Review by WhatsYourTurkey
"Dissapointing, But Great Nonetheless"
While fans of the series may be disappointed by Sam's first next-gen outing, they will find many things to enjoy and experience in this new iteration.
Splinter Cell: Double Agent was created with a goal in mind; maintain the better elements of the past installments of the franchise, all the while giving new players an easy introduction to the franchise. The streamlined HUD and simpler gameplay attest to the team's dedication to this concept, but in "streamlining" this iteration, many elements that made Chaos Theory great were lost in translation.
Now, on to the basic review layout you all know and love:
Learning Curve: 15 minutes (Training Levels Suggested)
Playability: Very playable and simple, with a clean interface and very descriptive contextual icons
Stability: No bugs or problems as of October 24th, 2006
Time: Varies with player, upwards from 12 hours
Achievements: Very worthwhile, and most can be earned on a single playthrough
The graphics of Double Agent won't disappoint any 360 owner, but the truly impressive graphics come in batches. The first mission in Iceland remains one of the more impressive levels, due to a rich atmosphere with vibrant color contrasts. Many other missions, such as Kinshasa, show the true ability for the 360 to render a beautifully detailed environment, as well as a larger scope of view than previous generations allowed. It's great that the game can maintain a steady framerate with highly detailed environments, characters and objects in view, but it comes at a cost. Several missions, such as the prison break, use watered down textures that have their target look nailed down, but they're flat and fairly ugly if you pay close enough attention to the area. That being said, they usually show up in missions where you're too busy running away from trouble to notice.
Overall Score: (A Semi-Reluctant) 9
Ironically for a game with such graphically impressive roots, the Splinter Cell series is loved by fans for its impressive sound and voice acting. Several levels have an impressive ambient background, ranging from warzones to casinos, and the sound is what brings them off of the screen and into your senses. There's little else to say, other than the fact that this may very well have the best ambience of any 360 game as of yet.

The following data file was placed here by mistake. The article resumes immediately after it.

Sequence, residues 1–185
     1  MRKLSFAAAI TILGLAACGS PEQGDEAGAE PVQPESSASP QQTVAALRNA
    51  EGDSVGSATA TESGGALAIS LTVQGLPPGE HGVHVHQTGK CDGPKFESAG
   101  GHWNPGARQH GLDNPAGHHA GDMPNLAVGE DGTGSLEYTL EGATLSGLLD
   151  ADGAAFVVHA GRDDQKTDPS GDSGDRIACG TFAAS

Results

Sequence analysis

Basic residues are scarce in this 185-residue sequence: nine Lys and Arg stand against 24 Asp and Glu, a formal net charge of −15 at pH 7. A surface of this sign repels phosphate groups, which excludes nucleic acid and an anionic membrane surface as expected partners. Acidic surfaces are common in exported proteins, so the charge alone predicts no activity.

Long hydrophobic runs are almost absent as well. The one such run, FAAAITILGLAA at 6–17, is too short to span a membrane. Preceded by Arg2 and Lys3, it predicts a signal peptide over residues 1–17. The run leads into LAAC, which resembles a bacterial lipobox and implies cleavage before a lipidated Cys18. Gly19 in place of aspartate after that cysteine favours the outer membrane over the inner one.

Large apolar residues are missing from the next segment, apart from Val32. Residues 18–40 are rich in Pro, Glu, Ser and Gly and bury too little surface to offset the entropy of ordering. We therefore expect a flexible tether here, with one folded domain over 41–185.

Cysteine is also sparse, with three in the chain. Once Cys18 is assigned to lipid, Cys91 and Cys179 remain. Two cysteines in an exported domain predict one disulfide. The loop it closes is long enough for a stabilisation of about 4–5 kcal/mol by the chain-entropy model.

The voice acting is impressive, with Michael Ironsides still giving the protagonist an organic feel that few other actors can accomplish. Amon Tobin's soundtrack is more subtle than Chaos Theory's, but it matches the dark and mysterious feel of this installment well.
Compared to the other installments of the series, it remains about the same, while a little less involved than Chaos Theory's. Compared to other 360 games, it remains a little more involved than most games, making up for its new watered-down feel. Contextual interactions remain well-implemented, shooting is more precise but more challenging, and finding shade in broad daylight remains a good challenge, even on the Normal difficulty. Unlocking your weapons and gadgets through objectives is fun, providing a deeper gameplay experience and factor of choice for how to accomplish a goal using the new tech. Multiplayer, while simplified to a dichotomy of speed vs. strength, remains a highlight with solid maps and gameplay that remains fresh and challenging throughout.
The new trust meter for both the JBA and NSA remains a fun diversion from the linear monotony of finishing objectives and leaving. Giving you a choice as to what you complete, and making you suffer the consequences, you are given a good deal of options as to how you maintain the trust of both organizations. Also, the choices you make in certain parts are gripping and well portrayed, giving you the feeling of urgency that you'd need to feel a sense of importance in these events.
Fans of Chaos Theory may remember the stealth score, a percentage given out by the level's end rating your spying prowess. In Double Agent, the score is harder to get, as knocking out enemies or force-hacking devices instantly deducts points. Therefore, it remains hard to get a positive score, let alone 100%.
The value is good for the single player campaign, giving you your money's worth for a third person action game. With single player ranging from 10-20 hours on your first attempt, and multiplayer lasting as long as you will to play it, the game will give you a good selection of things to do.
Overall, Double Agent is an impressive and fun, albeit disappointing, experience. Fans of the series will enjoy it, while newcomers may or may not get into it as easily as Ubisoft intended.
Reviewer's Rating: 4.0 - Great
Originally Posted: 01/02/07
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